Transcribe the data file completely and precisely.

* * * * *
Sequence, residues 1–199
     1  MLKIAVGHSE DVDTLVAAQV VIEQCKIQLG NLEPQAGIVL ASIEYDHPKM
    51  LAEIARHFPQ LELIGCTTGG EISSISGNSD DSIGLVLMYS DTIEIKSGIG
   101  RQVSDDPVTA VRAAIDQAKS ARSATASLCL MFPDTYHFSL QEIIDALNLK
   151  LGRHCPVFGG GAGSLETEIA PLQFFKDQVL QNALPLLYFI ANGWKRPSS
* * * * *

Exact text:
Sequence, residues 1–199
     1  MLKIAVGHSE DVDTLVAAQV VIEQCKIQLG NLEPQAGIVL ASIEYDHPKM
    51  LAEIARHFPQ LELIGCTTGG EISSISGNSD DSIGLVLMYS DTIEIKSGIG
   101  RQVSDDPVTA VRAAIDQAKS ARSATASLCL MFPDTYHFSL QEIIDALNLK
   151  LGRHCPVFGG GAGSLETEIA PLQFFKDQVL QNALPLLYFI ANGWKRPSS